Media coverage not only serves terrorists’ ideological purposes by publicizing their campaign; it also gives them an organizational advantage by allowing a specific group to exhibit its strength and audaciousness in comparison with its rivals. Any organized “group” must periodically consider its organizational allegiance,effectiveness, and survival.  Terrorist groups willing to sacrifice lives for their cause often engage in acts of terror to insure loyalty to that cause.  Terror is also used by such groups to maintain internal discipline and to punish members for disobedience and defection.  Their methods of internal discipline can be as brutal as the lynchings of the Japanese Red Army, or the kneecapping of the IRA.Acts of terror can also be used as a tool to prevent the formulation of splinter groups and an instrument of intergroup rivalry.” An example of this “intergroup dynamic” is evident in the words of the Palestine Black September Organization. Responding to the western world’s outrage at the Arab group’s attack on the Israeli Olympic team,  he stated:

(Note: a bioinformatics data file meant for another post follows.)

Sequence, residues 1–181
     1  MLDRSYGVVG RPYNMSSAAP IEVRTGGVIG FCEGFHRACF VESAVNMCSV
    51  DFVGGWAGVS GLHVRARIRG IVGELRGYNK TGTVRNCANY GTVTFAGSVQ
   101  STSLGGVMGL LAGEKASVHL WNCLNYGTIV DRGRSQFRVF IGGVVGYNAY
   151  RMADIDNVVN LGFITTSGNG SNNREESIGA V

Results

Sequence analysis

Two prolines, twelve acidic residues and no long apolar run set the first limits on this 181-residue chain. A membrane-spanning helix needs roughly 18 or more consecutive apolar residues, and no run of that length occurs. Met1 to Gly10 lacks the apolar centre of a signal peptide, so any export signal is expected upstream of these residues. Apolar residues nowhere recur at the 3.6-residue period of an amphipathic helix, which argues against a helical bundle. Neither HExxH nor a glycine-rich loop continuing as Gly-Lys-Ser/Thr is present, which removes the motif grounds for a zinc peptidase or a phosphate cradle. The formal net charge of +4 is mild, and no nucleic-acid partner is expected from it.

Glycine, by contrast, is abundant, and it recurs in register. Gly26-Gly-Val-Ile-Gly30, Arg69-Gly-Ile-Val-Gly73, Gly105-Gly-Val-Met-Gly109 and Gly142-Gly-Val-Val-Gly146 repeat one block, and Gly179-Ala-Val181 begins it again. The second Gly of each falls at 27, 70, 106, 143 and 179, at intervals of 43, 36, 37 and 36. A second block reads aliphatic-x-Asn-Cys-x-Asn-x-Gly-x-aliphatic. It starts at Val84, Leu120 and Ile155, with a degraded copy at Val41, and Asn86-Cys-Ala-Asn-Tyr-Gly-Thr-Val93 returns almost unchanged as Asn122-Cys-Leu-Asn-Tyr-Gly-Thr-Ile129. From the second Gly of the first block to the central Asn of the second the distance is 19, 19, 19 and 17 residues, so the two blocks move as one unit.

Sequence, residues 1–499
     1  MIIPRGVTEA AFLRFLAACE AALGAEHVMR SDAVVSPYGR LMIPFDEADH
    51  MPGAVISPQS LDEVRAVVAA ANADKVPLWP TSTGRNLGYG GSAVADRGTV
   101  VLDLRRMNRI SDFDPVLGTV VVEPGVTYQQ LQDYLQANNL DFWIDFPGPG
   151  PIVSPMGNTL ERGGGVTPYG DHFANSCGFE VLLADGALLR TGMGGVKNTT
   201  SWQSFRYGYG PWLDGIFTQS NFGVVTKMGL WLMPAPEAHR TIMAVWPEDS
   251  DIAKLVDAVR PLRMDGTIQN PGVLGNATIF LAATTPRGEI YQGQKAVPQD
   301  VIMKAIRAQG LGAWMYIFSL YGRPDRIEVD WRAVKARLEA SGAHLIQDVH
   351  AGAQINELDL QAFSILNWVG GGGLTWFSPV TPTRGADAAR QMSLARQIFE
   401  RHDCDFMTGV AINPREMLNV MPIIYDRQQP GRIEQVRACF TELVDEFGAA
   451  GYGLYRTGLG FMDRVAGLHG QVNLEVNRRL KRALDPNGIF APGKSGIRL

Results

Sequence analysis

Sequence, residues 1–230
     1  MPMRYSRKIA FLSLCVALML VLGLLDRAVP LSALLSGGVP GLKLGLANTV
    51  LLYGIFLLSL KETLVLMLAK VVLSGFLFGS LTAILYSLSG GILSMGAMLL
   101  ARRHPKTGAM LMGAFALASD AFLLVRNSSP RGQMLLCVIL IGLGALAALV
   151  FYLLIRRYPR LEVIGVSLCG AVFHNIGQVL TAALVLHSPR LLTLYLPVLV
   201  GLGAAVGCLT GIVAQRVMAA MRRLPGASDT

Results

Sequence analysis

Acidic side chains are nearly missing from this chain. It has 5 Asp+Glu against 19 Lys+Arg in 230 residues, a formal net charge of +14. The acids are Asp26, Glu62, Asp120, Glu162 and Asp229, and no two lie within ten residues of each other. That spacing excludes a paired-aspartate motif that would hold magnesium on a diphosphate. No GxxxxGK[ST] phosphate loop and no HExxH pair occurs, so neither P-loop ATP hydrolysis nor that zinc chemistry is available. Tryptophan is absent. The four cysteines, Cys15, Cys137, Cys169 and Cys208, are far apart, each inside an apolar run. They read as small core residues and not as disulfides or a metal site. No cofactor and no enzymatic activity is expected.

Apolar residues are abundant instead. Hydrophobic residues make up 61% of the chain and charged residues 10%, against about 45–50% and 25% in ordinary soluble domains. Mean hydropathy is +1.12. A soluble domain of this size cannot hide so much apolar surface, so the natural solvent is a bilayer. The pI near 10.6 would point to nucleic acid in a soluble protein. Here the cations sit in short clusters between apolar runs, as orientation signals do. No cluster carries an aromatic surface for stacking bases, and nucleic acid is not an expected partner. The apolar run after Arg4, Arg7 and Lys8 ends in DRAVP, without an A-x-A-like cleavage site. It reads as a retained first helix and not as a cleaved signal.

Call us what you may but it’s good for our morale, and it may help the moderate elements in the movement to take a more militant position.After all our defeats, this comes as an uplift. We feel we have to do something. What does the world expect of young Arabs these days?

We have seen too many defeats.

3.2.3: Imitated Acts:

Worldwide terrorist publicity may also lead to an imitation effect,which, in turn, can become a direct cause of subsequent acts of terrorism. When terrorist techniques are disseminated and stories of daring and success against authorities are created, the success can encourage